I used to think I didn’t have any faith.
I grew up in the bible belt Midwest where faith meant something specific. It was tied to religion…Christianity to be exact. There are a lot of mega-churches where I come from, too.
Faith in that realm didn’t look very appealing to me and I didn’t have too many other examples of faith, so I decided that I must not be a very faithful person.
Through a series of events, I learned to trust in uncertain times. I started calling that faith. It helped tremendously that goodness rose up to meet me time and again.
Some folks make comments about just how much faith and trust I have. I’m willing to wait for that goodness to come along rather than settle into something that I can feel isn’t a right fit. But what I’ve realized lately that is the energy behind this faith (or trust if you’d like to call it that) has been with me all along. As I started to look around, I can’t help but think it’s with you, too. With everyone. Folks who think they aren’t faithful or trusting really are. I always have been. It’s just a matter of what I put my faith and trust in.
I used to have faith in graduate school, in education, in myself, my goals, and my plan. Lots of folks have faith in jobs, the market, capitalism, in retirement, in the political system. Even when we realize that these things are flawed, we have enough faith in them to structure our lives around them. Whatever you believe, whatever you do on the daily, you’ve got some faith in that. It might not be explicit and it might not be strong, but your participation in anything is done with a certain degree of trust and faith.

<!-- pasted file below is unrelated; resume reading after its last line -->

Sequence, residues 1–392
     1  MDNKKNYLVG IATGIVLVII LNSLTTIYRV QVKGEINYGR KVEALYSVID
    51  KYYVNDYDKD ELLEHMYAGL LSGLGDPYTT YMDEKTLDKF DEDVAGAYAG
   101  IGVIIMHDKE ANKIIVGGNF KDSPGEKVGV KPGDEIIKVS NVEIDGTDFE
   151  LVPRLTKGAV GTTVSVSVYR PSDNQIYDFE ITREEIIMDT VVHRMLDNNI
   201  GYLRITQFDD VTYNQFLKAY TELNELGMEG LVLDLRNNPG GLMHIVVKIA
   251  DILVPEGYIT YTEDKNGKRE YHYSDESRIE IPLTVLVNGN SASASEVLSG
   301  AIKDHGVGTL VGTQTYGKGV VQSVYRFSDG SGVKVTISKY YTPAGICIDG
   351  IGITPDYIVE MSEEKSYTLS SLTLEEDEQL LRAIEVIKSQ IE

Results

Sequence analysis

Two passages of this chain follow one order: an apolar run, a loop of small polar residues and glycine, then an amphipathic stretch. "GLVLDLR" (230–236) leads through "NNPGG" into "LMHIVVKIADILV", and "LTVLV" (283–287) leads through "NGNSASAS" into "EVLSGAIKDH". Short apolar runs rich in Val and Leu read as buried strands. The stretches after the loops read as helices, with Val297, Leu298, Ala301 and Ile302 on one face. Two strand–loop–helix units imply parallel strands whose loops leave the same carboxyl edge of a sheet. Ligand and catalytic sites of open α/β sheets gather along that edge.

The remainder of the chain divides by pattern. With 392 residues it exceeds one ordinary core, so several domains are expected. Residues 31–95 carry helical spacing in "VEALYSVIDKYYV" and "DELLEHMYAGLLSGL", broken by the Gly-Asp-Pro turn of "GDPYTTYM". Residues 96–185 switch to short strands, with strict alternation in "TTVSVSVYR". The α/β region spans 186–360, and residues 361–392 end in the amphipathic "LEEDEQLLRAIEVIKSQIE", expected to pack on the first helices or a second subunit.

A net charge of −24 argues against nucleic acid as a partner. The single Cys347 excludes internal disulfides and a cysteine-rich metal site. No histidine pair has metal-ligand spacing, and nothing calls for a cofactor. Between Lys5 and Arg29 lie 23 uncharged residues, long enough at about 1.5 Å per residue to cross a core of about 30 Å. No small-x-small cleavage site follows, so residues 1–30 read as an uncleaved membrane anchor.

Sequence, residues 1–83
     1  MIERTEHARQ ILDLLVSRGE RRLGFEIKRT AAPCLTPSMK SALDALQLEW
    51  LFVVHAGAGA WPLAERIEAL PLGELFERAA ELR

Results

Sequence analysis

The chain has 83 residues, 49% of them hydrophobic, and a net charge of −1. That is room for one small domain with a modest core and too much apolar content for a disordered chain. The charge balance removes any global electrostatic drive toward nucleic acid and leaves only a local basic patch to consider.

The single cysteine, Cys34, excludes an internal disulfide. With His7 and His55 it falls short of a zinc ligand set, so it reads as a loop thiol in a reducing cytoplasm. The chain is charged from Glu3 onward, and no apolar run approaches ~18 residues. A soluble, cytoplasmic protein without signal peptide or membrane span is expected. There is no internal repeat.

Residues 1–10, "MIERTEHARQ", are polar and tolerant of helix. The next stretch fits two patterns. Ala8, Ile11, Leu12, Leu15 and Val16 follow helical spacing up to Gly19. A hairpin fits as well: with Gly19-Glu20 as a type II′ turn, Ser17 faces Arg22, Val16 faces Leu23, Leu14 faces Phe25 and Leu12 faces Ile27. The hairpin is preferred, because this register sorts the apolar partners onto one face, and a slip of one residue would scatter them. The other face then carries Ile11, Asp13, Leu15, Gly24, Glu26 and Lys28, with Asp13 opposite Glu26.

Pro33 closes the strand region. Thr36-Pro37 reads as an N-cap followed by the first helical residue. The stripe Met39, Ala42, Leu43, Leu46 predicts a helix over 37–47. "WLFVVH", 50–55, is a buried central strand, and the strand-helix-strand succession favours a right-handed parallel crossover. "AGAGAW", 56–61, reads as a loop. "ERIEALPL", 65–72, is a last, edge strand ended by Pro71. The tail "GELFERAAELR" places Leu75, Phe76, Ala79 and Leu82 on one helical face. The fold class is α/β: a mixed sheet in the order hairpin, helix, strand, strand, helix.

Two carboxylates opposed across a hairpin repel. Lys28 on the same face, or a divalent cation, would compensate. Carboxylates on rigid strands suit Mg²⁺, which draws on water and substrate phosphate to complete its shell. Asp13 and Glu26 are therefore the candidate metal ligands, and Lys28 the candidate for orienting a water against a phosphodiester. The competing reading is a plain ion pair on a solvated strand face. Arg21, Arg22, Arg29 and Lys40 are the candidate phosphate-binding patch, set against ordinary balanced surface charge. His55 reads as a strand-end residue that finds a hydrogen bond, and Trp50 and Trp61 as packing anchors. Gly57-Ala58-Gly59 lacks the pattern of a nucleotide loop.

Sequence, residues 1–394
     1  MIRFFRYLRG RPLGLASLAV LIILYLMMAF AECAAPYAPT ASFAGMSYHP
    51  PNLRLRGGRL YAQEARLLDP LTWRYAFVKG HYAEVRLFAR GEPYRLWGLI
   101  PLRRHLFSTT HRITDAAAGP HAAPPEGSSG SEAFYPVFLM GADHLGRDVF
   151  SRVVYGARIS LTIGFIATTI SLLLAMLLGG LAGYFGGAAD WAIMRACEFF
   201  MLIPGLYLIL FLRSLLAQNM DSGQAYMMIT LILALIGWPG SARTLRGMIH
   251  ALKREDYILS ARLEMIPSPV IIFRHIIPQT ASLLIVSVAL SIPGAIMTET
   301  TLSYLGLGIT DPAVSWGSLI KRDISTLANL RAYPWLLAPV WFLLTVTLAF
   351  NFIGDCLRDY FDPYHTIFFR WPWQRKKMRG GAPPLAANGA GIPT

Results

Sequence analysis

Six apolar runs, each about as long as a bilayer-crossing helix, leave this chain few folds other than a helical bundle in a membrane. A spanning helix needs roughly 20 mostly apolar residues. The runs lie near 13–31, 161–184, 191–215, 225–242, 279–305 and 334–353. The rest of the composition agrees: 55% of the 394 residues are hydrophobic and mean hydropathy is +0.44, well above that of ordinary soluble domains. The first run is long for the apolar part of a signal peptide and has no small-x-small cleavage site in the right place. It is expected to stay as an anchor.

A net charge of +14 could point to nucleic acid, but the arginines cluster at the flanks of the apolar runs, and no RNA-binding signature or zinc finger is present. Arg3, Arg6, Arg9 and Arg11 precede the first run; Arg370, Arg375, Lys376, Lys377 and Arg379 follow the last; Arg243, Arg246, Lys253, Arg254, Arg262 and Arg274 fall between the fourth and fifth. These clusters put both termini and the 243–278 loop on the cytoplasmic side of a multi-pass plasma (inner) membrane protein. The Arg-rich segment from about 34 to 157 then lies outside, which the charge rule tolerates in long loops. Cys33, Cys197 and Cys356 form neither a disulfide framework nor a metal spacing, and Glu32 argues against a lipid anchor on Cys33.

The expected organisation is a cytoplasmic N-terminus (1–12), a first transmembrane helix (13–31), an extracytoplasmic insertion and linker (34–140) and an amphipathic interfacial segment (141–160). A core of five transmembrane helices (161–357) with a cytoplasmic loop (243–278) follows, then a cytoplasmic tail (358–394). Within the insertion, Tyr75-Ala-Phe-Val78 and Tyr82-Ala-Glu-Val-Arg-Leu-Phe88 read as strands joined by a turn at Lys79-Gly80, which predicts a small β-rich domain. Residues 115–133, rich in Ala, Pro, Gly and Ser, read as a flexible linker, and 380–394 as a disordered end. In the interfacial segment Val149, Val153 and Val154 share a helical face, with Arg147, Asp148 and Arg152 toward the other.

What I had once perceived as creation of faith where before there was none, I now perceive as a transfer of faith. Instead of having faith in security and certainty, in a 20-year plan, a PhD and a known career path, I have faith in the unfolding of events. I have faith that the goodness will continue to rise up to meet me. This takes various forms. It could be a conversation with a person who turns me on to a new book or perspective (Thanks, Lisa!). It could be an experience that I enter in with doubt and leave with transformation (Vipassana was). It could be a job or living space or even the perfect cardigan (yes, I pray for clothes sometimes).
If you find yourself wanting to loosen up your grip on the (perceived) known and embrace the mysterious, miraculous, and spontaneous, you might think about examining where you put your faith and trust currently, and where you might like to transfer some of that.